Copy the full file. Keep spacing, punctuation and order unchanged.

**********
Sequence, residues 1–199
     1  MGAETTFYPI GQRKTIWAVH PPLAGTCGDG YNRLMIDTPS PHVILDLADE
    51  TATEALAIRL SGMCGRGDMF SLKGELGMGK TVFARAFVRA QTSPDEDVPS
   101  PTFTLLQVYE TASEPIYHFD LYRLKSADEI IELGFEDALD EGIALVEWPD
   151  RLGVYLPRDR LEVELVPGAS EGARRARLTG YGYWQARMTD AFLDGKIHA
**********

Sequence, residues 1–199
     1  MGAETTFYPI GQRKTIWAVH PPLAGTCGDG YNRLMIDTPS PHVILDLADE
    51  TATEALAIRL SGMCGRGDMF SLKGELGMGK TVFARAFVRA QTSPDEDVPS
   101  PTFTLLQVYE TASEPIYHFD LYRLKSADEI IELGFEDALD EGIALVEWPD
   151  RLGVYLPRDR LEVELVPGAS EGARRARLTG YGYWQARMTD AFLDGKIHA